ATMs, Credit Cards, Travelers Checks:  ATMs are widely available in Rajasthan. In major cities it's also possible to get a credit-card advance from a bank. Almost all ATMs take foreign credit cards.   Nearly all hotels exchange foreign currency for their guests. You'll get better rates at banks, but the hassle of waiting in line may outweigh the money-saving. There are also Thomas Cook and Western Union kiosks in all major cities.

Internet Access is widely available, though not always consistently, throughout populated cities in India.    

Electricity: Converters & Adapters required

ENTRY / EXIT REQUIREMENTS: All U.S. citizens need a valid passport and valid Indian visa to enter and exit India for any purpose. Visitors must apply for visas at an Indian Embassy or Consulate abroad before entering the country. Visas are not available upon arrival for U.S. citizens. If you don’t have a valid passport and visa you may be immediately deported. The U.S. Embassy and Consulate General in India cannot assist you if you arrive without proper documentation. Please carry photocopies of the bio-data page of your U.S. passport and the pages containing the Indian visa and Indian immigration stamps. If your passport is lost or stolen, copies will help you apply for a replacement passport and an exit visa from the Indian government. Replacing a lost visa, which is required in order to exit the country, may take three to four business days.

U.S. citizens wishing to visit India are responsible for requesting the correct type of visa from the Indian Embassy or Consulate.  Indian visa regulations change frequently, often with little advance notice, and changes may be poorly advertised and inconsistently enforced. Travelers are urged to check the Indian Government’s Ministry of Home Affairs website before any travel to India to review the most current information.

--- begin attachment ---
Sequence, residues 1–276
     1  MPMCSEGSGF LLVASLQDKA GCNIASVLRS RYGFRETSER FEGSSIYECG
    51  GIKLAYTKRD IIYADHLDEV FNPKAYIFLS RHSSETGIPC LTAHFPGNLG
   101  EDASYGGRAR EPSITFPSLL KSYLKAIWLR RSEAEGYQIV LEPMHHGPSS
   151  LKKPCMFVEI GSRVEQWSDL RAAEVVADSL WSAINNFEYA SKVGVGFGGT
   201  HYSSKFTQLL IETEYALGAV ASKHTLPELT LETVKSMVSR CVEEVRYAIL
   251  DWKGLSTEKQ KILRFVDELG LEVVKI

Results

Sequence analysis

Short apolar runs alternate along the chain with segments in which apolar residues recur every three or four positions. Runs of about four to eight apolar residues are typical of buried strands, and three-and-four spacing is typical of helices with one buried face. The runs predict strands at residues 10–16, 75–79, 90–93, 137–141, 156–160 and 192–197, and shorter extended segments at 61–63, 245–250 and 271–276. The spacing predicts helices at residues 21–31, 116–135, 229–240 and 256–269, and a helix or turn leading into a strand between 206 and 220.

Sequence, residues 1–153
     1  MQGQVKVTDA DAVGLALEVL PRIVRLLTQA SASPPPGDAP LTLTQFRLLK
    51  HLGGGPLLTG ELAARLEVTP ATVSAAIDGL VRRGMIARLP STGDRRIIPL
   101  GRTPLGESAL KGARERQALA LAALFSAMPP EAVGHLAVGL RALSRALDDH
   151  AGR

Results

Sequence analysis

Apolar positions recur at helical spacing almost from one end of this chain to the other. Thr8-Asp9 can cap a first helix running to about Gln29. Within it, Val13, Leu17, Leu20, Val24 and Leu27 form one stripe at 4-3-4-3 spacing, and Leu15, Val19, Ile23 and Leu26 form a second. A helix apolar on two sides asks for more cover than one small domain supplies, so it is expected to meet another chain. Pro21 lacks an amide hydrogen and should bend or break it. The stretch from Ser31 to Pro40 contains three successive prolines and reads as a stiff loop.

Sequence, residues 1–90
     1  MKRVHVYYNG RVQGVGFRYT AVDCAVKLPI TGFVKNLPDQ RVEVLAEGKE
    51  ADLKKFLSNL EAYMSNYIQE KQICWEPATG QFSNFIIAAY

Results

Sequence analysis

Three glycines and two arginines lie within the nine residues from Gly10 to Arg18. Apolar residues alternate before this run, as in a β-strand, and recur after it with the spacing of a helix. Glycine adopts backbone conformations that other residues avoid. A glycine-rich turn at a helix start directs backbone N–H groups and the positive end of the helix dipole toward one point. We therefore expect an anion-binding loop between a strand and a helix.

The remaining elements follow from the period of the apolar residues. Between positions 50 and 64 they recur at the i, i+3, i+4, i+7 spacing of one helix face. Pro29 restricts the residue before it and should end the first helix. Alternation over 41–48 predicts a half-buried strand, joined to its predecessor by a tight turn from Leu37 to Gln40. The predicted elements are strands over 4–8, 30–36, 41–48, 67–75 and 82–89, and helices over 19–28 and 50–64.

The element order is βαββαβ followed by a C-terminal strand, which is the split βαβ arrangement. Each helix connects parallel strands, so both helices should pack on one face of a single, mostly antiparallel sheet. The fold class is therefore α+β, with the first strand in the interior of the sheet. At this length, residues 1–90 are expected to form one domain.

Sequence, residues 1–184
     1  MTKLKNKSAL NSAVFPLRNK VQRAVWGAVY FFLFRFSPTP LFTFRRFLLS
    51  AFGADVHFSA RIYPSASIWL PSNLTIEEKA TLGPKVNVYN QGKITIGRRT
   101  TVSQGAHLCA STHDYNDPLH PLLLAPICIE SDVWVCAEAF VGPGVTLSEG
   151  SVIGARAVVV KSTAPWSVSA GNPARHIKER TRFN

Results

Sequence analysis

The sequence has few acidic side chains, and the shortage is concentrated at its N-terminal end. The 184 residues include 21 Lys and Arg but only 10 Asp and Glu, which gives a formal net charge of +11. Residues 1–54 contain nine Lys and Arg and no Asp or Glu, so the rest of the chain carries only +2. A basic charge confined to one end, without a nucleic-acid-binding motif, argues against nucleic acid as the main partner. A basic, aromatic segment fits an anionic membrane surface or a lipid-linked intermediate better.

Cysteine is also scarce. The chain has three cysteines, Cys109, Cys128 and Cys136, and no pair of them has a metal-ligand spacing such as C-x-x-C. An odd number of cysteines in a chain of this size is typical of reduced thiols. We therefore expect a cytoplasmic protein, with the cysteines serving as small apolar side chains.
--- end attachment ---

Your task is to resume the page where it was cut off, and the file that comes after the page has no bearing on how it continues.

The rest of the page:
Packing Ideas

We take pride in our trip testimonials. We hope you’ll take a moment to read those below written by previous participants of a Southern India photo tour led by the same guide (K. Grobl). 

“The trip was fantastic with zero disappointments!   It provided an excellent range and selection of hotels. One of my favorites was the Hotel Haveli Hari Ganga in Haridwar: ideal location.  I LOVED the tented camp at Manvar!

Karl was highly attentive and genuinely committed to helping everyone take their photography skills to the next level. He would routinely stop us on the street or wherever we might be to check what we were shooting, viewing the back of our cameras, and made recommendations to improve our results.  I greatly appreciate that Karl encouraged group reviews of our work almost every night and shared his own work. Seeing his and the other travelers' way of seeing India was instructive and inspiring.

The local guides for the trip were EXCEPTIONAL (DV) and wonderful, very kind and attentive (Sikh fellow). There are many choices for photo tours to India, but I felt this was well priced, the locations were ideal for northern India and Karl's photographic expertise and personality made this THE only choice for me.”  -Barbara C. 2012


“It was a wonderful trip and it certainly exceeded all my expectations from each photo shoot, every hotel, our local Indian guide, Dv, the pace…all contributed to the success of the trip. Best of all, Karl was a most accommodating, patient, instructive, talented, good-natured, entertaining, tireless leader AND definitely well-connected. Cocktails one evening in Delhi at the US Embassy with Ambassador Nancy Powell was an unexpected honor and treat for us all.  My only regret was not going on the extension.  Thanks for everything.”  -Sally B. 2012   

Trip Evaluation Form